Allen: Oh, I love that. So, let’s talk a little bit about the Fairness in Women’s Sports Act and how it impacts you. As Christiana explained, the act is just intended to protect women’s sports and opportunities for women, and ensured that only women and girls can actually compete in women’s sports.
But when the governor signed the law in Idaho, it didn’t even have a chance to go into effect before the ACLU challenged it. Mary Kate, have you ever had to compete against a biological male in a track event?
Marshall: Yeah, actually my first collegiate cross-country race, I competed against a biological male. And going into it, I was already pretty nervous—my first college cross-country race, and this just made me so much more nervous. And after the race, I got beat by this athlete, and so did all of my other teammates. And it was just very disheartening to see one of our first races of the season and already we’re having to run against a biological male.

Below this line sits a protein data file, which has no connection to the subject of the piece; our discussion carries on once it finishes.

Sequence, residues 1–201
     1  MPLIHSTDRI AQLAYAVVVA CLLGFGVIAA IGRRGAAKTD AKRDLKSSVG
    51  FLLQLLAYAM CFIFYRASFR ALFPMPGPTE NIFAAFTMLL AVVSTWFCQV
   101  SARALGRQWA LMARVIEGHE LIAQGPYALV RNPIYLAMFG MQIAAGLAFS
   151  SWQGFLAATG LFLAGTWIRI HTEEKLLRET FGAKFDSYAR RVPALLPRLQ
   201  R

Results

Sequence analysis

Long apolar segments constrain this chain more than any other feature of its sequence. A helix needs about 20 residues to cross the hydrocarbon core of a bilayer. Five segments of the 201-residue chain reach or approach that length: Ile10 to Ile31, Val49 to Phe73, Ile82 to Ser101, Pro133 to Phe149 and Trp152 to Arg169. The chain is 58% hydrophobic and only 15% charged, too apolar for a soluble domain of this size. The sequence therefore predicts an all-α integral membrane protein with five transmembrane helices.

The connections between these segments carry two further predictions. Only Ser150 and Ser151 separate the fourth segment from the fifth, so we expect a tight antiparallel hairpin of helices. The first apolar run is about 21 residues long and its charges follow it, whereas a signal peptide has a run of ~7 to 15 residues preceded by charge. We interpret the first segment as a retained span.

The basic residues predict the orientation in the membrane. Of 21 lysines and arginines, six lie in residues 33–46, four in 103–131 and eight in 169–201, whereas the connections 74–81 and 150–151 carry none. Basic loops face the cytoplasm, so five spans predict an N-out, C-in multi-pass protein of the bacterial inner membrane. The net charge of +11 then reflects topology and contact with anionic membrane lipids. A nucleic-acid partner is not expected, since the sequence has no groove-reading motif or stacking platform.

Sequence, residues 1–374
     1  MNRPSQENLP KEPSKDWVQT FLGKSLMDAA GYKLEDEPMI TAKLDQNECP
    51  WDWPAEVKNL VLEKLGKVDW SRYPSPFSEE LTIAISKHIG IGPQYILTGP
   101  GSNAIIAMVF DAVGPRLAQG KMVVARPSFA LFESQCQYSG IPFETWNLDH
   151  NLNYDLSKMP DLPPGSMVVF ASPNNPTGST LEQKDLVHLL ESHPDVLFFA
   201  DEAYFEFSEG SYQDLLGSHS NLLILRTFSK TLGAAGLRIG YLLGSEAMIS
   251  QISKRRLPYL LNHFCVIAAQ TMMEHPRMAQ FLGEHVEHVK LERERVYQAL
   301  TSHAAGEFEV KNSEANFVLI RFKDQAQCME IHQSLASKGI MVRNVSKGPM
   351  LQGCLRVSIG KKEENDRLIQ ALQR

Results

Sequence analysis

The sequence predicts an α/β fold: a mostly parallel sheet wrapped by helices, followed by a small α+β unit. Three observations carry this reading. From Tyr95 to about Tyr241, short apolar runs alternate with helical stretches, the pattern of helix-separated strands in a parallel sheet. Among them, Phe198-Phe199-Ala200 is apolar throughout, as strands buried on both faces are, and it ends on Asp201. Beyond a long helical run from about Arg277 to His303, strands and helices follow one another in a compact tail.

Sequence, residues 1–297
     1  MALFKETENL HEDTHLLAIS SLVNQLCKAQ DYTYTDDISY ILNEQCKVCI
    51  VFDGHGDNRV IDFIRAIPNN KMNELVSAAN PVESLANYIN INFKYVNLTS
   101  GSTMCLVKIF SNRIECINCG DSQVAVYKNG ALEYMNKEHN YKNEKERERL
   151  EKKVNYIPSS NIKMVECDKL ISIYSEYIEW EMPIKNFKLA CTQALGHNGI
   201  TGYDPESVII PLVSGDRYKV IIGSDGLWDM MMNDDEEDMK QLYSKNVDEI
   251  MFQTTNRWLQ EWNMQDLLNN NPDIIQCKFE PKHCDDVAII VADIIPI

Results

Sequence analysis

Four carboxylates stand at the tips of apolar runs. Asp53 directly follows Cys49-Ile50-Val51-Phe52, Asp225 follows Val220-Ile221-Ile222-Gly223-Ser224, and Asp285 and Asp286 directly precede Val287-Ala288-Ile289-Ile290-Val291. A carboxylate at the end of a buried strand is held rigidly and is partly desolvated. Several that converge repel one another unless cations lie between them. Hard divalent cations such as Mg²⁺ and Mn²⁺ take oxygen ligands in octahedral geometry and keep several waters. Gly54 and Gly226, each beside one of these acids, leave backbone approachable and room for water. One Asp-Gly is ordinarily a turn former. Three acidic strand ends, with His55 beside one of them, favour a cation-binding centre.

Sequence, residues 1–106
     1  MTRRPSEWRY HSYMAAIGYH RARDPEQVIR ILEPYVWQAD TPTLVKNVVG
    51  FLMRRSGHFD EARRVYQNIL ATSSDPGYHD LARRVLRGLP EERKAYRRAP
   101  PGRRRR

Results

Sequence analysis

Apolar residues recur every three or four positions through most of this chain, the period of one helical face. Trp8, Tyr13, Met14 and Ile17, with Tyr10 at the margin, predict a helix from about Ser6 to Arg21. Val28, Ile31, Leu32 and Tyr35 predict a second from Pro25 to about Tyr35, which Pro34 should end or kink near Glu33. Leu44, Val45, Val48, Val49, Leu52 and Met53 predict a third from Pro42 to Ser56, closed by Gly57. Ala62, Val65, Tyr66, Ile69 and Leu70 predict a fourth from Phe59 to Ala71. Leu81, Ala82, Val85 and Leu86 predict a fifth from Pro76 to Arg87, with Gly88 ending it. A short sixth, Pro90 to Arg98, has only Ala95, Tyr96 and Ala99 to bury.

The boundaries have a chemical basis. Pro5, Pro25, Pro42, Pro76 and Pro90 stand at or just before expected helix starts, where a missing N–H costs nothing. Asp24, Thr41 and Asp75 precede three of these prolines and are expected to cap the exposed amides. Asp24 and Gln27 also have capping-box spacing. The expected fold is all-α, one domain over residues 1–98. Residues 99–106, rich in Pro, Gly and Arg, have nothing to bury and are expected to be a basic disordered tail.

Allen: So, when you lined up, did you know that you were running against a biological male, or was it not until after the race that you found out?
Marshall: Yeah, we actually found out a couple of weeks before our season that we were going to be competing against a biological male.
Allen: So, what was running through your head leading up to that race?
Marshall: I really didn’t know what to expect. I just know that males are much faster than females. So, how is this going to be fair? But I wanted to stay open-minded and see what’s going to happen, because we haven’t seen this before. And after the race, I knew this isn’t fair.
Allen: What were your thoughts following the race, and did that individual take first place?
Marshall: The athlete didn’t take first place, but this athlete was amongst the top 10, I believe. And it was just very discouraging to see this athlete up there and just knowing that however hard I train probably is not going to do anything, because this athlete has so much more advantages than I do. And I just knew that this was going to be an issue.